Last week, I did lunch with the sophisticated and civilized people.
I knew the Midwest High Speed Rail Association’s ‘brown bag lunch’ at the Milwaukee Public Market last Thursday was going to be interesting when the first announcement was about how to get your automobile parking vouchers validated.
It was the first incongruous clash between the theory behind rail and the realities of life in the Midwestern United States, but it wouldn’t be the last.
For a little over an hour the crowd of thirty saw a presentation filled with hyperbole and poetry and devoid of any factual discussion over the complexities of establishing a significant rail network in the United States. Noticeably absent from the entire discussion: any mention of the prohibitive costs and subsidies required. Save, that is, for a few claims that the return on the investment makes the expansion of rail beyond debate.
No spreadsheets or projections to back up this assertion. No data comparing the subsidies per passenger-mile of rail to that of other forms of transportation. No acknowledgment that the State of Wisconsin is facing a $2.7 billion deficit.
Instead, the crowd was treated to a PowerPoint pitch depicting rail transit as the solution to our oil crisis and lauding the success of train travel in Europe and China. Finally, we were encouraged at the end to contact members of “your General Assembly” (I assume the speaker meant the state legislature) and the candidates for governor to express their support for the Milwaukee to Madison High Speed Rail Line.
“It is a much more civilized way to travel,” we learned after viewing some pictures of beautiful people on a French train.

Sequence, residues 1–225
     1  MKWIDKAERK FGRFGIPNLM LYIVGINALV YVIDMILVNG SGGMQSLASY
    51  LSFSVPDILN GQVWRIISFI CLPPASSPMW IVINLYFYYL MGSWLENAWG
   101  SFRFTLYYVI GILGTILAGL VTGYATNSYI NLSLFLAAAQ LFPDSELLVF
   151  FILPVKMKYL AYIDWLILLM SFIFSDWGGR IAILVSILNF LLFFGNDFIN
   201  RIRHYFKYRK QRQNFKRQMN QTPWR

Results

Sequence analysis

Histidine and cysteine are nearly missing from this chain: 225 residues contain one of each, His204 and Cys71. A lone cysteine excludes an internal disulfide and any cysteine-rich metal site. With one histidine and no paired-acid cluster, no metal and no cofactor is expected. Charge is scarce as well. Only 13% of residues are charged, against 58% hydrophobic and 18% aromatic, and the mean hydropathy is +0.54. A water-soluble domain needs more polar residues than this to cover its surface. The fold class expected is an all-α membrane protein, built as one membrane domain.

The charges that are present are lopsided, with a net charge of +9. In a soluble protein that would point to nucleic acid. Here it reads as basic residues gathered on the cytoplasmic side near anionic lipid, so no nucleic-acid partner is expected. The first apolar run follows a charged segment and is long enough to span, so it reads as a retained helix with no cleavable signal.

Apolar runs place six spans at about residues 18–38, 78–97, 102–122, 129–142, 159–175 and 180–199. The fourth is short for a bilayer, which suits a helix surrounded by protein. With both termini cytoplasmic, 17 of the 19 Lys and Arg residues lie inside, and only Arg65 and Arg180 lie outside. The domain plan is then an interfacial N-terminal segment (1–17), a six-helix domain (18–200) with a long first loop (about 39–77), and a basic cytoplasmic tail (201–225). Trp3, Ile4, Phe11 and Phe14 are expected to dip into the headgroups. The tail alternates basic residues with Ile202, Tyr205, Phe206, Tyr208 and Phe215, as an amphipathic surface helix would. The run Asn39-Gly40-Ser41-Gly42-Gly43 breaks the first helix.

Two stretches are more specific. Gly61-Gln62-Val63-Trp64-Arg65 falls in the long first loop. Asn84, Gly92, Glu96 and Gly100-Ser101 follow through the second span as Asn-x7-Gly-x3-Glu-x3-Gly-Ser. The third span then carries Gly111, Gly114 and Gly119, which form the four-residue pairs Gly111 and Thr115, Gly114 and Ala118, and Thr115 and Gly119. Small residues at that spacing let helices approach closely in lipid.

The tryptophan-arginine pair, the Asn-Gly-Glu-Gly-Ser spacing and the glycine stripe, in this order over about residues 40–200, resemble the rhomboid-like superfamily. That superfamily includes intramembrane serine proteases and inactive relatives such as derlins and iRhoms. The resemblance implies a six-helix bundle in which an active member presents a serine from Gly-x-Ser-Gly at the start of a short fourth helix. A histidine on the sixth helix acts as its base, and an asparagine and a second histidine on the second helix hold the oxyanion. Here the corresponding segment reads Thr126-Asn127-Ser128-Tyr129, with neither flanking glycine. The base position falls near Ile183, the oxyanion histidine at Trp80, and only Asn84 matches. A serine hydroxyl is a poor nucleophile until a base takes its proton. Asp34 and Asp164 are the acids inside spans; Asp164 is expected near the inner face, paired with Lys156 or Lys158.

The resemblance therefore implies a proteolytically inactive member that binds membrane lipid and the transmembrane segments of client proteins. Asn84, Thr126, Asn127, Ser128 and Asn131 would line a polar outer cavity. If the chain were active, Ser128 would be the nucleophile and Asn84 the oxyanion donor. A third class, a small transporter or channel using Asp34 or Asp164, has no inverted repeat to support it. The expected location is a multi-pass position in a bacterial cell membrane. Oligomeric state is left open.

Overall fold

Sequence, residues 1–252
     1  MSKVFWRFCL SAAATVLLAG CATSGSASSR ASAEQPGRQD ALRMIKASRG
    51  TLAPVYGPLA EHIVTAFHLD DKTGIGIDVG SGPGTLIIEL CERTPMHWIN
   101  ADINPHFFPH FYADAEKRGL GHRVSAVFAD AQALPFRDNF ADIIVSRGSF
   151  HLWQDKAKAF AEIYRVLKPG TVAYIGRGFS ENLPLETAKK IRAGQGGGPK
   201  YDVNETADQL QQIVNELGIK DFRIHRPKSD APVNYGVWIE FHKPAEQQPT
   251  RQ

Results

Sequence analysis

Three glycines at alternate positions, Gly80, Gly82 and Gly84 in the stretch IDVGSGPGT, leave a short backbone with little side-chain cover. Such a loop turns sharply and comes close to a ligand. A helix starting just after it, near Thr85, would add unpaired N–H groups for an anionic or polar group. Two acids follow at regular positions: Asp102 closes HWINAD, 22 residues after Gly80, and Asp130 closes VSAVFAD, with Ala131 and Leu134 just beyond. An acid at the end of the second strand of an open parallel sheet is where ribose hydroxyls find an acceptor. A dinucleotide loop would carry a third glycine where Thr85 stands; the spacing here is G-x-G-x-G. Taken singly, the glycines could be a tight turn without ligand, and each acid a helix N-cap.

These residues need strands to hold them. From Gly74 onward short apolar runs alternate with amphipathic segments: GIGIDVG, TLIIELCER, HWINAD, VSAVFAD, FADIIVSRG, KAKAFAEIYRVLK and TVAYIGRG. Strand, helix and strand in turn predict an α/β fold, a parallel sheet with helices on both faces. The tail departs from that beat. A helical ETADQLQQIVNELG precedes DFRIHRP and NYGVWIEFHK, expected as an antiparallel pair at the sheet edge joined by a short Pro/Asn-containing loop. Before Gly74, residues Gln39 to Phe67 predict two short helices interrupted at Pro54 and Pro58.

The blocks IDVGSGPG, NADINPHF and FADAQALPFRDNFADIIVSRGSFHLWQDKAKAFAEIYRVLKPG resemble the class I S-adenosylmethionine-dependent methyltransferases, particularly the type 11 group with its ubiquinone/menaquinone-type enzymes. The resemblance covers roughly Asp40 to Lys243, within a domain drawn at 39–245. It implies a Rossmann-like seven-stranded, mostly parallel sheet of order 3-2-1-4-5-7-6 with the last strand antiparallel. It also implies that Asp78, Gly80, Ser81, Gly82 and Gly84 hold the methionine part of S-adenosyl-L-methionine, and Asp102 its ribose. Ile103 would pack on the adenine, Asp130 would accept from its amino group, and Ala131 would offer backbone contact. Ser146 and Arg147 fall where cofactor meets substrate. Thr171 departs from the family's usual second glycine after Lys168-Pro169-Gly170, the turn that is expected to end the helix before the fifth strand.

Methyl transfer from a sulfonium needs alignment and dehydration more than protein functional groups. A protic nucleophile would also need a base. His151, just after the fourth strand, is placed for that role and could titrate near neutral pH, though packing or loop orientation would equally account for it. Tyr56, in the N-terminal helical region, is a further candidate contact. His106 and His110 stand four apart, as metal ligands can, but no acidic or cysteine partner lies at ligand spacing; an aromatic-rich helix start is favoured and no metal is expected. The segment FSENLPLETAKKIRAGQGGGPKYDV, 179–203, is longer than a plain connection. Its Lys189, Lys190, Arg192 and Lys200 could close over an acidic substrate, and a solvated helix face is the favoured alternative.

Oh, if only we were as civilized as those progressive French. They zoom to the Mediterranean for their long weekends on Bullet trains. (Seriously, this was an example used when addressing the crowd on Water Street in Milwaukee).
Then again, with its multiple stops and the speed topping out at 79 miles per hour, the Milwaukee to Madison line is not high speed. More like half-fast, critics argue.
Oh, if only we could move as quickly as those expeditious Chinese. “China in cleaning our clock with rail,” we were warned. In only two years they’ve finished several lines and are in the process of building several more.
Darn those pesky human rights, property rights, independent local governments and that low-brow representative Democracy that actually has as its goal the exertion of the will of all the people, not just those of us who know best.
A few actually interesting news items were presented at the meeting, although I haven’t seen any coverage of these points.
1) Richard Harnish, the Executive Director of the Midwest High Speed Rail Association asserted that the state owns all the land necessary to construct the Milwaukee-Madison line, including the land needed to extend the line to a new train station on Madison’s Isthmus, just walking distance from the Capitol.
2) Because of its deterioration, all of the existing track between Watertown and Madison will need to be removed, regraded and replaced in order for the trains to operate on that stretch.
3) Advocates are gearing up for the next fight, bringing an Amtrak line (requiring state construction and operational subsidies) north from Milwaukee to Green Bay.
It is ironic that one of the main stated purposes of the meeting was to rev up the troops to lobby the candidates for governor. Milwaukee Alderman Bob Bauman sponsored the meeting and he’s fresh off his sophomoric belittling of the two Republican candidates who have expressed varying levels of opposition to the plan. That’s an interesting way to win over skeptics, Alderman.
Moreover, when asked about Milwaukee County Executive Scott Walker’s pledge to scrap the rail line if elected, Harnish stated he didn’t know if halting the project was even possible.